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Related Reading: The Best Way to Cut a Watermelon

The Gazpacho Recipe

Speaking of that watermelon, it’s obviously an emblem of summer, and we’re all about eating as much as we can while there’s still some warmth in the air.

Related Reading: Eat Your Way from Summer Into Fall | Save Summer with These Preserve Recipes

Gazpacho, a traditional Spanish chilled soup, is a great way to showcase several different kinds of produce—here, watermelon, tomatoes, cucumber, and fresh fennel—in a multidimensional bowl. White bread is added to give it more body (and keep you from throwing away that semi-stale loaf!), with additional flavor from sherry vinegar, olive oil, and pimentón (Spanish smoked paprika).

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Add the optional jalapeño if you like a little kick of heat—but taste a slice from the middle first so you know just how hot it is and only add as much as you can handle.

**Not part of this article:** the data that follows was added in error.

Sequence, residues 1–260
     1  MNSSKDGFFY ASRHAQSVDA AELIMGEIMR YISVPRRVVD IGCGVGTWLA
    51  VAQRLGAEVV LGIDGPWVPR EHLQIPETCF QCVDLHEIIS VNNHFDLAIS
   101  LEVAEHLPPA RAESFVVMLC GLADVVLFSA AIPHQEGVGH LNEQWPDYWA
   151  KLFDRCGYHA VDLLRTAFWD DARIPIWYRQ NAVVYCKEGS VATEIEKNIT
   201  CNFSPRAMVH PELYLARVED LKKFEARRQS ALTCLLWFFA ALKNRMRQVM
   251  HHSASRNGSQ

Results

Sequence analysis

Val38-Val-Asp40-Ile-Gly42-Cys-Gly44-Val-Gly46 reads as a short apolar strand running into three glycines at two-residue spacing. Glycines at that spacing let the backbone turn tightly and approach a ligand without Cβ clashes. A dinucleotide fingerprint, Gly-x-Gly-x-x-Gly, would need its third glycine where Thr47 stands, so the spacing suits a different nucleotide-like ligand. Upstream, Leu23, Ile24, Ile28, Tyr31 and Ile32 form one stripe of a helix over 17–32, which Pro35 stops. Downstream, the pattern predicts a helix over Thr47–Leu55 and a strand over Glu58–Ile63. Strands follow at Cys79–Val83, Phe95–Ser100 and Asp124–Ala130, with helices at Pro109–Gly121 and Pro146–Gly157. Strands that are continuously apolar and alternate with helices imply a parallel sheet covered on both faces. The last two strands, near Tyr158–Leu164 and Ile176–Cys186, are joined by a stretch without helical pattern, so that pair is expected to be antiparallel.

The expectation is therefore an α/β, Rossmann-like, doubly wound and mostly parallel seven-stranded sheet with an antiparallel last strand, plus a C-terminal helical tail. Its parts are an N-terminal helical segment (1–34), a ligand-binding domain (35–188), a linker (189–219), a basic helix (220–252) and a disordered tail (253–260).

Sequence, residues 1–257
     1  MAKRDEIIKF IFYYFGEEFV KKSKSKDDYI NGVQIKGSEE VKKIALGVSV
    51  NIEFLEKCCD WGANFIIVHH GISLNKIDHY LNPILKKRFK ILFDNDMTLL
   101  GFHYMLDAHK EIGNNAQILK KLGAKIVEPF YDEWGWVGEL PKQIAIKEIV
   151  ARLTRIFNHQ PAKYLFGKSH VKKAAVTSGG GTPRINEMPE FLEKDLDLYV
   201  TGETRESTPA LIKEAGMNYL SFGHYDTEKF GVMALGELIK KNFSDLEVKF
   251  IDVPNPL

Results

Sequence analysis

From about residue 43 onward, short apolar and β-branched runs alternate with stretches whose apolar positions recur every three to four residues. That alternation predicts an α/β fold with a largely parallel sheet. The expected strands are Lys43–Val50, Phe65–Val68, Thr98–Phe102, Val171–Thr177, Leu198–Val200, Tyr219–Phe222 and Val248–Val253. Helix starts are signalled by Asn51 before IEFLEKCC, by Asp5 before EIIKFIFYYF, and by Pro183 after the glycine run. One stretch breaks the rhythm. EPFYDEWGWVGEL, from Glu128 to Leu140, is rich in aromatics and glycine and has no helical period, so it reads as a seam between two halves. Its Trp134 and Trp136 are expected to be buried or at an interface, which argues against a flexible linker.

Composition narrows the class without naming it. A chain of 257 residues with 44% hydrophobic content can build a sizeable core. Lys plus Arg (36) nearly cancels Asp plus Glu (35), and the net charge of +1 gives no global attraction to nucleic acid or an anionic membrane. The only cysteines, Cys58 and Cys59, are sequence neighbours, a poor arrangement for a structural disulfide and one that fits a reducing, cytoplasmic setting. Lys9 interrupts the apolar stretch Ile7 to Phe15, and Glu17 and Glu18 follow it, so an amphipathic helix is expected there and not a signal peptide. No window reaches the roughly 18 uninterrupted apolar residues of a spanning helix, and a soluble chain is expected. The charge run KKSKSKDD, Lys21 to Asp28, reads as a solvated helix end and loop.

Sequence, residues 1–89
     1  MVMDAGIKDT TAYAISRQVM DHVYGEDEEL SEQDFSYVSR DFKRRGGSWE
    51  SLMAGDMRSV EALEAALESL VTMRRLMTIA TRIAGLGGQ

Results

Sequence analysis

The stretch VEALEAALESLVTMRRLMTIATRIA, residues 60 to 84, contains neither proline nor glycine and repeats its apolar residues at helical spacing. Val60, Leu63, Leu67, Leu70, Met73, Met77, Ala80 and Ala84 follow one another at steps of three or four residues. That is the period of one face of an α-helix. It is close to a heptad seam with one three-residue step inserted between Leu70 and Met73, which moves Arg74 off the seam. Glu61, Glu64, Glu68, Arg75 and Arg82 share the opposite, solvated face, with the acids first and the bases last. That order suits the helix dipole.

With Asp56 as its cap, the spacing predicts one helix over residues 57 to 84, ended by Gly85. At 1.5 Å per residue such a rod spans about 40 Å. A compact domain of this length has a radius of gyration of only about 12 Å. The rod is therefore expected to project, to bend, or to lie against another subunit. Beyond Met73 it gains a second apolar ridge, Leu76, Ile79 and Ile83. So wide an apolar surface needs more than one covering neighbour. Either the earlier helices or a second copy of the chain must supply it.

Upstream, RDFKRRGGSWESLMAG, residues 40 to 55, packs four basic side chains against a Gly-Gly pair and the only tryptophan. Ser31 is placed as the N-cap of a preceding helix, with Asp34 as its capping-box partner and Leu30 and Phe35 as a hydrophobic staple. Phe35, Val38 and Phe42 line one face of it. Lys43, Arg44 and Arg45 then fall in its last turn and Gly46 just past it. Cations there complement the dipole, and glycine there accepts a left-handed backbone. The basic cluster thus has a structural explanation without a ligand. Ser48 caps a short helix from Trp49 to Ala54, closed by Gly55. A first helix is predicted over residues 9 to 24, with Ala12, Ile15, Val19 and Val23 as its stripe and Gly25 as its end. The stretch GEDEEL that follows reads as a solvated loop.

easy gazpacho recipe


Chef Delaney suggests that you try the soup topped with feta or grilled shrimp, in addition to the listed garnishes (which include the fronds from the fennel bulb that goes into the soup itself—you can use the remaining fronds in a salad, or freeze them to add to stocks, as mentioned above). If you have edible flowers, they’re a lovely addition as well; nasturtiums lend a peppery punch that plays well with the sweet, fresh flavors of the gazpacho.

And making it is no sweat. All you do is some minimal prep work before chucking everything in a blender. You end up not only with a fast, easy, no-cook dinner that captures the vibrant, fleeting flavors of our last summer produce, but also the satisfaction of having let nothing go to waste.

Watermelon Gazpacho with Pickled Watermelon Rind

Serves: 4-6
  • 6-7 cups watermelon, cubed, rind saved
  • 3 large tomatoes, cored
  • 2 small Persian cucumbers, chopped
  • 1 jalapeno pepper, optional
  • 3 slices stale crustless white bread, cubed
  • 2 scallions, chopped
  • ¼ head fennel, chopped
  • ¼ teaspoon pimenton
  • 1 cup olive oil
  • sherry vinegar and salt to taste
  • Cherry tomatoes, pickled watermelon rind, edible flowers, fennel frond, and more olive oil for garnish